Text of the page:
All you need to know about this year’s race
This year marks the centenary of the Ballantyne Cup — one of the club’s oldest trophies. We would have held the centenary last year but, well, COVID. So here we are celebrating 100 (and 1) years instead. The Shirley Barton Trophy (for women) and the Ballantyne Cup (for men) are handicap trophies. For shorthand, I will call the combined race the Shirley Ballantyne. It sounds like the name of a dubious cocktail. Apologies if I have just defamed anyone’s dear aunt.
A new venue
For many years the Shirley Ballantyne was run on the banks of the Hutt River during cross-country season. Recently, we have experimented with holding the race at a different time of year and over a different distance. This year we are trying something completely new — a road (footpath) course on the quiet, leafy, northern streets of Miramar. Nestled just to the south of the hills of Mapuia and Centennial Parks the streets can often be well sheltered from the prevailing northerly. It is also a part of Wellington that we don’t often explore.
This year’s Shirley Ballantyne is scheduled to be the perfect speed test three weeks before Road Relays.
There is also a green space, Miramar Park, that is good for warm-ups and which the J Team and friends may enjoy. There are hills up to Mt Crawford for those who are on a steady diet of elevation in the lead-up to Road Relays.
The race favourites
There is an art to winning handicap trophies that involves a delicate peak in fitness and speed that the handicapper cannot see coming. Club handicapper James Turner has very a recent formbook to judge most club members because many have competed in the Wellington Road Champs and Needle Relay in recent weeks. But there might be an athlete out there who has been in secret altitude training and on a steady diet of EPO for the last six months and is ready to unleash their devastating form on Shirley Ballantyne. If you know who this person is, please reveal them in the comments.
Because anyone with an ambition to win a handicap trophy needs to outwit the handicapper with a string of false poor results, the handicapper is the very worst person to ask for some pre-race picks. Nevertheless, that is what I did. I contacted James Turner and asked him for the oil on who would win the Ballantyne and Shirley Barton trophies. His picks were divided into two groups; those who are rapidly improving and may not have yet reached their peak, and those crafty buggers who have an established history of repeatedly outwitting him.
In the first group, he named Alice Sowry, Jorge Murcia, Gordon Pal, Karl Jackson, Genevieve Coffey and Floor Kaars Sijpesteijn. This is certainly a roll-call of dramatically improving runners. The question is, have they played their cards too early, or is one of them still holding one more ace?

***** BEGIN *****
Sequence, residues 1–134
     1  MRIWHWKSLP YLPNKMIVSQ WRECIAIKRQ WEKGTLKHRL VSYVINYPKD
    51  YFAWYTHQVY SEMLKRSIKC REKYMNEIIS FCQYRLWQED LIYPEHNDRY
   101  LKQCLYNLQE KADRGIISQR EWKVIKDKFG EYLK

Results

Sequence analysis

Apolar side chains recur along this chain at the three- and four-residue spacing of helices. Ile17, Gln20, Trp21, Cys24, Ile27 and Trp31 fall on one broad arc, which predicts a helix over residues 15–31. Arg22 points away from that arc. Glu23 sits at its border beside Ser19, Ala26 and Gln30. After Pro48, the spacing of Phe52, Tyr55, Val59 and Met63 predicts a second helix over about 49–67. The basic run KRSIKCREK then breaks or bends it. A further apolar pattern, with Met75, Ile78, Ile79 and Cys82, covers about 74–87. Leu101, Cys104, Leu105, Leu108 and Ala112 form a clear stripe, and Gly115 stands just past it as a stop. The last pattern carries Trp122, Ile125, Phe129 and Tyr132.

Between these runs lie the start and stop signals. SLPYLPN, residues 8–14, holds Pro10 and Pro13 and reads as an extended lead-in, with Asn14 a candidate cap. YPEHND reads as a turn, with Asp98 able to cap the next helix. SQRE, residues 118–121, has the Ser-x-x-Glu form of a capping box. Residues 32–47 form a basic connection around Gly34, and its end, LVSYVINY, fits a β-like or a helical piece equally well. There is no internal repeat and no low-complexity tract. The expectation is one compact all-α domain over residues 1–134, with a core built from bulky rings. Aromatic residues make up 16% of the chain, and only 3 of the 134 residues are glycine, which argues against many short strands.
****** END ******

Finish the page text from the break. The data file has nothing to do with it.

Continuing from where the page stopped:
In the second group, he identified Nigel Roberts, Bev Hodge, Paul Rodway and of course Matyas James. James Turner knew the deception and craftiness of this group of rogues before he took on the handicapper’s mantle, and yet they have continued to plague him throughout his term.
A third group of runners to keep an eye on are those looking to cement a spot in an A Team for NZ Road Relays – a good race on this course will, for any runners currently ranked in those 7, 8 or 9 spots, certainly catch selectors’ eyes.
Date: Saturday 10 September.
Venue: Miramar Tennis Club, on Darlington Road.
Time: 1:30pm for a 2pm handicap start.
The new 6km course follows a three-kilometre loop on the quiet, mostly-residential footpaths in Miramar.
The race starts at Miramar Park and heads north along Darlington Road. At about 300m, you come to a pedestrian crossing over Camperdown Road. Continue straight ahead along Darlington Road, (obeying the road pedestrian crossing rules).
Shortly after this, the footpath climbs very gently, then bends south and descends back down again.
At 1.2km Darlington Road ends and intersects with Weka Road and Miramar North Road. You want to cross the Weka Road intersection, turning right into Miramar North Road.
As you go past the famous Miramar Rangers clubrooms you will begin a short sharp climb for 150 metres, before the road levels off and then climbs again for another 100m.
After that, you have a steep downhill before running past Weta Workshop. You will come to a roundabout at the end of Miramar North Road. You need to cross here onto Park Road, following the directions of the race marshall, before turning left into Puriri Road.
From there you have about 600m of fast, flat running along Puriri Road, left into Darlington and back where you started (3km in total). And then another lap!
I talked to the president of the Miramar Tennis Club, which is kindly hosting us for the afternoon. He says you cannot go past Double Vision on the other side of Miramar Park for a post-race drink, snack and debrief.